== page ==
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Researchers forced to 'embellish, dramatise' expected study outcomes in order to secure grants

ABC NEWS logo ABC NEWS 10/03/2016 Tom Nightingale

A scientist works in a medical lab at St Vincent's Institute in Melbourne © AAP Image/David Crosling A scientist works in a medical lab at St Vincent's Institute in Melbourne Australian academics say they are being forced to exaggerate or embellish the potential impacts of their research when trying to secure limited funding for projects.

But the head of the Australian Research Council has rejected the claim scientists have to lie to get a project funded, saying there is a difference between speculating and lying.

The revelations are included in a study of a relatively new system where academics forecast the impact of their research when applying for funding.

The study is based on 50 interviews of unnamed academics in Australia and Britain.

The 25 Australian academics said it was difficult to give an accurate answer when a grant application asked them to predict the impact of their project.

"It's virtually impossible to write one of these grants and be fully frank and honest in what it is you're writing about," one unnamed academic said.

"I don't know what you're supposed to say. Something like, 'I'm Columbus, I'm going to discover the West Indies'," a second unnamed academic said.

"It's really virtually impossible to write an Australian Research Council grant without lying, and this is the kind of issue they should be looking at," a third unnamed academic said.

Dr Richard Watermayer from Britain's University of Bath co-authored the research and said he did not think the funding process had lost its integrity.

"But I think there are issues in it that need to be further discussed," Dr Watermayer said.

"Being forced to embellish, and being forced to kind of dramatise, should we say, because there was in most cases no real sense of what the impact is going to be."

'A very different distinction between speculation and a lie'

Head of the Australian Research Council Professor Aidan Byrne said a small number of proposals did go too far, but most were accurate and all were heavily examined.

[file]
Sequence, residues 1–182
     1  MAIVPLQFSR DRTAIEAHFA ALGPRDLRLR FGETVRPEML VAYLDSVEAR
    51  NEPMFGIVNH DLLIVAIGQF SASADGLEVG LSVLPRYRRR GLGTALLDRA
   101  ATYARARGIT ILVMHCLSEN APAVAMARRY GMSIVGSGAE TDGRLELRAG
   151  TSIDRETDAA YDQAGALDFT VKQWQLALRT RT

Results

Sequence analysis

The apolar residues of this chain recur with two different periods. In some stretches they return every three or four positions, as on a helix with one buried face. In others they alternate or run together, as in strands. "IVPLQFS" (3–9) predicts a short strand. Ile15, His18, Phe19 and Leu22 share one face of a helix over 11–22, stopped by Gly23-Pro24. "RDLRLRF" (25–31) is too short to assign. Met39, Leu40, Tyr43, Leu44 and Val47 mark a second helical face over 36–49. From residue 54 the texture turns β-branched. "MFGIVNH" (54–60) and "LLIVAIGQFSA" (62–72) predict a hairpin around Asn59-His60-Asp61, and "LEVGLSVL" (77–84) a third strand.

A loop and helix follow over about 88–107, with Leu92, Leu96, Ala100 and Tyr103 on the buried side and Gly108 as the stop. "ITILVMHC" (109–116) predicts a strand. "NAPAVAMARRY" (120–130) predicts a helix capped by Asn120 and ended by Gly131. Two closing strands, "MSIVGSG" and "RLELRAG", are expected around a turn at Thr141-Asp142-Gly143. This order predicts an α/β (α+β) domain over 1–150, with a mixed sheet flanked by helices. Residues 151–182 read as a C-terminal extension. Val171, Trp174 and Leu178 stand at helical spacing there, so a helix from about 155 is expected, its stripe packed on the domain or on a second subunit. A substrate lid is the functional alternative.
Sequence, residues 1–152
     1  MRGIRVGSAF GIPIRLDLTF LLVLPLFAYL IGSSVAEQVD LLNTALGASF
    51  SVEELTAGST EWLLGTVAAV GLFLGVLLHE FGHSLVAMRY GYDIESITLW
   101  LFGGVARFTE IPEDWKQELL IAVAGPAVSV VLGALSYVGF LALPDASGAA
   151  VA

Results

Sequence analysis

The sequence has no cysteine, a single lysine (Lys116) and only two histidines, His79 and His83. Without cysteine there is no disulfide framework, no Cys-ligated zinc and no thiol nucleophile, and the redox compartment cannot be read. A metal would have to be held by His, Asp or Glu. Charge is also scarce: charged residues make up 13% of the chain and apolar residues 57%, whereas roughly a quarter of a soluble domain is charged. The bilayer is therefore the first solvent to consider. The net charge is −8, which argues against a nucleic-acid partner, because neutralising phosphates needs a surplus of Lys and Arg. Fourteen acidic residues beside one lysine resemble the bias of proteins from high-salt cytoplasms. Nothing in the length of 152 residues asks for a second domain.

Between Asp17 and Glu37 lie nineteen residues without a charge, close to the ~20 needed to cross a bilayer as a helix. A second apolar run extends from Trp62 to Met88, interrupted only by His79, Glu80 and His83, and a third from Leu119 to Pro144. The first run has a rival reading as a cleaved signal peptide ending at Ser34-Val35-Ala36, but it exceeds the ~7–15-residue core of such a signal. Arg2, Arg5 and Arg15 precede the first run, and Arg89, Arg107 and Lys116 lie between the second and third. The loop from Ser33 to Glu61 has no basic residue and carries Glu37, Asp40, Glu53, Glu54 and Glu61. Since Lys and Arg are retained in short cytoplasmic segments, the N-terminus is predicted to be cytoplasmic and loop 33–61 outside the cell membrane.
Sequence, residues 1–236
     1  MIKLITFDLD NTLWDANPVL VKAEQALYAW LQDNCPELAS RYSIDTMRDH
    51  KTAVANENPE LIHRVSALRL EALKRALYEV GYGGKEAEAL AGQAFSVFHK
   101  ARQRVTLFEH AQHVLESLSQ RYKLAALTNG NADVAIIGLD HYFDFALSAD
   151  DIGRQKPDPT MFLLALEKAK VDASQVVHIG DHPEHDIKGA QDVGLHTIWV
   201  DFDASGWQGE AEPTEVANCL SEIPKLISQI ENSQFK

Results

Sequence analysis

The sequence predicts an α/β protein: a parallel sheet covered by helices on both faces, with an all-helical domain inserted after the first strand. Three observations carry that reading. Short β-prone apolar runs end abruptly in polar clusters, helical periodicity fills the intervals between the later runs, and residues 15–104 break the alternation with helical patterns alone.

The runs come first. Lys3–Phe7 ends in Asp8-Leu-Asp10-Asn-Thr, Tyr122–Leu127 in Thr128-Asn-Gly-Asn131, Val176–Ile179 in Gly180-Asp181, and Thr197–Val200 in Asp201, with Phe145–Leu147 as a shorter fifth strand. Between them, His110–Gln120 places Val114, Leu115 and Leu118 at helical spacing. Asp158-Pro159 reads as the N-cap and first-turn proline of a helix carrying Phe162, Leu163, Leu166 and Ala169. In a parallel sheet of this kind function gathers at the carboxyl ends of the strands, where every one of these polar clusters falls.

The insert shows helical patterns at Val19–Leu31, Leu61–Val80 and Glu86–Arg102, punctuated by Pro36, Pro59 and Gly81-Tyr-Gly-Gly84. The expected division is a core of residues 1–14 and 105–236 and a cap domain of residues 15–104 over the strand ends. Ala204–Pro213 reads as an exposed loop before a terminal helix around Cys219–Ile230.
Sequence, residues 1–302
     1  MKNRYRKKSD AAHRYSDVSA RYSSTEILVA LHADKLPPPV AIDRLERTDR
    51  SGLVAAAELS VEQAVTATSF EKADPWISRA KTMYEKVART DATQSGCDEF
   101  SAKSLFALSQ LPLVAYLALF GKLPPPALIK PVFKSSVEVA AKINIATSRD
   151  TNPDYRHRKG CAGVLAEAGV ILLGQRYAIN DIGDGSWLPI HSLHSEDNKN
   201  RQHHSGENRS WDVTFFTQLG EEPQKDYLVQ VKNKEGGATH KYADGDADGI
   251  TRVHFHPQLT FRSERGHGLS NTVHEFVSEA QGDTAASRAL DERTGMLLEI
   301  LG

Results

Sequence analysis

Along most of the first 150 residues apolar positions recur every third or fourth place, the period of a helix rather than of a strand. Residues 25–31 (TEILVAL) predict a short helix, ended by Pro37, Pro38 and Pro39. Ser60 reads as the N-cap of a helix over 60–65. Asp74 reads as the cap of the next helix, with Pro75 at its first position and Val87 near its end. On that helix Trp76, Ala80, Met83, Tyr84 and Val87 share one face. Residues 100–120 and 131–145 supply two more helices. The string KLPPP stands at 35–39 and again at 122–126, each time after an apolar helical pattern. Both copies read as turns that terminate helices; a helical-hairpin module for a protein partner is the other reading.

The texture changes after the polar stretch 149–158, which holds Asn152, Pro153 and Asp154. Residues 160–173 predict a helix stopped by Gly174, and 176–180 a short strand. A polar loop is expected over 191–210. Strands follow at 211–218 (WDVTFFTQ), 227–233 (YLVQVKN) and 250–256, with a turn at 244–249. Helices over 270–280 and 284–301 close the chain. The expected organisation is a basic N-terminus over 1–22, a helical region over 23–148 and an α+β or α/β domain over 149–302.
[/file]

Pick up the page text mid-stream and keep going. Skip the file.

"The proposals are reviewed by experts who do have a really good and sharp sense of what's plausible and what's implausible, and what's fictitious and what's not," Professor Byrne said.

"So someone who was to make an outrageous claim about the potential impact of ... their research, the reviewing process would not respond well to that either and the research proposal would be deemed as implausible or unlikely, and not get a lot of support and inevitably not get funded."

Every year the Australian Research Council funds more than $700 million worth of projects. Professor Byrne said he completely rejected any suggestion scientists had to lie to have a project funded.

"For some people it is an embellishment to make a prediction into the future that you can predict reliably, and predicting the impact or the potential impact of your research is a speculation, and we understand it is a speculation," he said.

"And many researchers find that very uncomfortable because we are actually asking people to speculate — that's not asking people to lie, that's actually asking people to make a projection into the future that if this research project was successful, what are the potential impacts of that research?

"Now that's a speculation yes, but it's not a lie. And there's a very different distinction between those two things."

The research has been published in the journal Studies in Higher Education.

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